For sure, a lot of people who were touched by the bish are feeling the same way.
Here’s an excerpt from another of his books, Life Stories:
We usually rode a horse to school, as did the other children who attended. The barn on the school ground was filled with hay every fall and our horses were inside eating while we were in school. Of course, we had no ponies, only plow horses, so in the springtime when my father and, later, my older brother needed the horses in the field, my brother next to me in age and I walked to and from school.
School was dismissed at four in the afternoon and I would walk the short way home, unless there was too much water from melting snow, in which case I would follow the road. But either way, I would approach our farmstead from a small hill. When I got to the top of the hill, I could see our house about three blocks away.
I would begin running down that hill, unbuttoning my jacket, and, if it was warm, my shirt. Bursting into the kitchen, I would always find it filled with the aroma of fresh bread or cookies prepared by my mother, just waiting for my arrival.
I loved school, the excitement of learning, and the fun of being with other children, but there was no place like home and the loving welcome for me there. So I ran the last few blocks, slipping off my ‘school clothes’ in preparation for putting on my ‘home clothes.’
One day you will hear Reuben has died. Let there be no sorrow, but instead celebration as you remind each other, “He just slipped out of his school clothes and put on his home clothes. He is at home now” (2 Cor. 4:16-18).
As Howard Thurman wrote in his eloquent book of meditations The Mood of Christmas & Other Celebrations, “the work of Christmas” now begins.
But I’m sure His Greatness Thurman would have agreed that “the work of Christmas” never ends, being the endless “labor of love” that it is.
I posted the following blurb on my Facebook page on Christmas Eve and I’m sharing it here since it garnered a considerable number of Facebook “likes” and “shares”:
“We think sometimes that poverty is only being hungry, naked and homeless. The poverty of being unwanted, unloved and uncared for is the greatest poverty.”
By Mother’s measure, a lot of people are living in poverty who are by no means hungry or clothed in somebody’s thrown-away threads or living in cars.
Rather than fretting over a media-manufactured “War on Christmas,” try doing this to observe Christmas in the remainder of the Christmas season:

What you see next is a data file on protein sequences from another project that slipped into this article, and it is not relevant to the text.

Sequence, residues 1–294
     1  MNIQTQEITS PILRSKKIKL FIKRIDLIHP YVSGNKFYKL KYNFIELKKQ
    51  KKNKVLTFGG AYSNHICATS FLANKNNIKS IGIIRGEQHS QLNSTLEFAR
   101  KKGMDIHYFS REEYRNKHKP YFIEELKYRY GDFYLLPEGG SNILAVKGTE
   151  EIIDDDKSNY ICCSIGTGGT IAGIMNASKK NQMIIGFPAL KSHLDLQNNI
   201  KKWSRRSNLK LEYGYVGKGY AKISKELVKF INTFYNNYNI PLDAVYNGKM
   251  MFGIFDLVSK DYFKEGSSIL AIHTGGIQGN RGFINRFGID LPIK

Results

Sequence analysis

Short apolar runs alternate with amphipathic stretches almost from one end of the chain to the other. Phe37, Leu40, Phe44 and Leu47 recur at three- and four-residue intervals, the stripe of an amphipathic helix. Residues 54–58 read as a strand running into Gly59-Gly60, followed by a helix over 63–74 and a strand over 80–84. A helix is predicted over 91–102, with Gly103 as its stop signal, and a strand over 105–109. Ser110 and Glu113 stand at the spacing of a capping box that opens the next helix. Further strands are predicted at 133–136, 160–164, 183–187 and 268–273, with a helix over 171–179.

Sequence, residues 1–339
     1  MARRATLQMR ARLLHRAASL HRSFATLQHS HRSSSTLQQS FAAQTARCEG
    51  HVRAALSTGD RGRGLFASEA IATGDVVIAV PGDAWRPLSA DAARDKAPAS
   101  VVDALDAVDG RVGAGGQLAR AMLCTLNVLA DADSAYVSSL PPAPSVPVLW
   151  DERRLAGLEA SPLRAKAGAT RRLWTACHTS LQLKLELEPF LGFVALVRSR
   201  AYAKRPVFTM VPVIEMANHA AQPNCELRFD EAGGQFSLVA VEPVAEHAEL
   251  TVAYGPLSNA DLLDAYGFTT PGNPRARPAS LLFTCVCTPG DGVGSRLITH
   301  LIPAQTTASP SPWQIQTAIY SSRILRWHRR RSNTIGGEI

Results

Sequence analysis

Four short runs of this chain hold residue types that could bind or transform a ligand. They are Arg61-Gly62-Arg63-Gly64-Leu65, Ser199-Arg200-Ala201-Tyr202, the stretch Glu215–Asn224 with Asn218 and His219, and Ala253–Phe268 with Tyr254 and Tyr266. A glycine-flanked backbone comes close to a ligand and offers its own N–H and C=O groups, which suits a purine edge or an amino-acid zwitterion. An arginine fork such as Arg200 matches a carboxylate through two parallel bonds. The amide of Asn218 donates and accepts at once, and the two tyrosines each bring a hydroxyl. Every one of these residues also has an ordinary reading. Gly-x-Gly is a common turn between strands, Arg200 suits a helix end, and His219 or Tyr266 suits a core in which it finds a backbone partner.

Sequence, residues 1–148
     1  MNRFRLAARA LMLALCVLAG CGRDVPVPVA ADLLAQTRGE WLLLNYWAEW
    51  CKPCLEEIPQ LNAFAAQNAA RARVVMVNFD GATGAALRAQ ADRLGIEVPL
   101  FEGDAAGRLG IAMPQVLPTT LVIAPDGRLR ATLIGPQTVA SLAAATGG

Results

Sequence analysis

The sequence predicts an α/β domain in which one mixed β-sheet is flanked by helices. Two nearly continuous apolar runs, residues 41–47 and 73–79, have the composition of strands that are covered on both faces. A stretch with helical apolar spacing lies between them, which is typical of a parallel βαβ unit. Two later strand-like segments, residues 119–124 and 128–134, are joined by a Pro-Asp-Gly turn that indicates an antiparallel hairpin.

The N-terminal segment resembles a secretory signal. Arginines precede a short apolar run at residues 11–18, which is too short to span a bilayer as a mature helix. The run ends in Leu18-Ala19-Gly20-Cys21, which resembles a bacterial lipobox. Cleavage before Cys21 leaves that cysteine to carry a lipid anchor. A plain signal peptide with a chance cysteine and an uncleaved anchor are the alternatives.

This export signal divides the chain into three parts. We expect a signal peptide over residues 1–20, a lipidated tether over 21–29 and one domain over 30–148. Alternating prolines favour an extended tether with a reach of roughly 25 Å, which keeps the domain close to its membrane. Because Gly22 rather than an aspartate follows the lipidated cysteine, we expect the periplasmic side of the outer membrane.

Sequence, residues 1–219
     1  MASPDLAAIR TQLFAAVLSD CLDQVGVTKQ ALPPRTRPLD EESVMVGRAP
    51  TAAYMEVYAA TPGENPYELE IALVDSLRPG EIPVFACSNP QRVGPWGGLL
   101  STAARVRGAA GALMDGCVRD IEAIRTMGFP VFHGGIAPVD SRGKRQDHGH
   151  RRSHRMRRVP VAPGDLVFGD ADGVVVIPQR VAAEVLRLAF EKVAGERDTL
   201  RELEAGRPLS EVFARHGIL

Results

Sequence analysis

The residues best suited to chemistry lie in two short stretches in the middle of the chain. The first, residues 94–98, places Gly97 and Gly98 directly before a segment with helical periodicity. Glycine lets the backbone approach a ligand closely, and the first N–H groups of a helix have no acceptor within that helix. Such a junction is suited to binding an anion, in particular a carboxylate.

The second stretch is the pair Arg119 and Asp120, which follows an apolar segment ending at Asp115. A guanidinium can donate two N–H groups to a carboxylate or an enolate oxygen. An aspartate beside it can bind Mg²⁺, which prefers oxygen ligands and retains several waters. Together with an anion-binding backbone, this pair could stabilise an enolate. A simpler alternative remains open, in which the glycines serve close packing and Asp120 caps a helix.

Just go out and be Christmas!
That is, get out of the house and the mall and go be the SPIRIT of Christmas–which is to be the Spirit of Christ–by going to see someone who feels unwanted, unloved or uncared for.
Call, or better yet call and then go by and see those who suffered losses of their loved ones this year (or last year for that matter, as grief has no time limit), and just let them know you are thinking of them and that you know it must be hard for them at this time of year. And then just be quietly present with them, without trying to lift them up or make them feel good if they’re not feeling so joyous right now. (Trying to “rescue” someone from their grief by trying to make them happy is seldom an effective way of helping someone in grief anyway, no matter how good the intention.)
But to “be Christmas,” you might also take some of that leftover food you’ll cram into the fridge tonight to people who indeed are hungry and cold and feeling unwanted in a nation that can be nothing short of hostile to those who are in fact hungry, naked and homeless.
Go into the world nearest you and just make someone feel loved, wanted and cared for. Go and feed someone; go and be with the sick and grieving; start ASAP to know a prisoner on a personal level and show him or her what “the love that came down at Christmas” looks like and acts like.
That’s what “being” Christmas is about.
So that’s what I posted on Christmas Eve. Then today on Facebook, a friend and colleague in ministry posted the following wisdom from Howard Thurman, he who was one of the greatest of preachers and peacemakers in the last century:
The exhausting, consumer-driven, Dec. 25th Christmas that most people of all faiths and no faiths observe to some extent in wealthy countries is over (and none too soon).
Now comes the sometimes difficult challenge for devout followers of Christ to live out Christmas–to keep the faith and live the “Good News” in the ordinary days that fill the calendar. As Thurman put it, “the work of Christmas” begins. And that sacrificial work can be a difficult challenge indeed.
And yet as difficult as “the work” of Christian living can be–and anything of value requires hard work and all the blood, sweat and sacrifice that goes with it–the difficulty or challenge of Christian labor, of living out the birth as well as the life, ministry, sacrifice and resurrection of Christ day in and day out, turns out to be its own reward.
The joy of the secular-driven Christmas runs a mile wide and an inch deep. The truest joy in life is sustained by the living waters drawn daily–365 days a year–from the deep wells of salvation. (See “the Christmas Prophet” Isaiah, Isa. 12: 3.)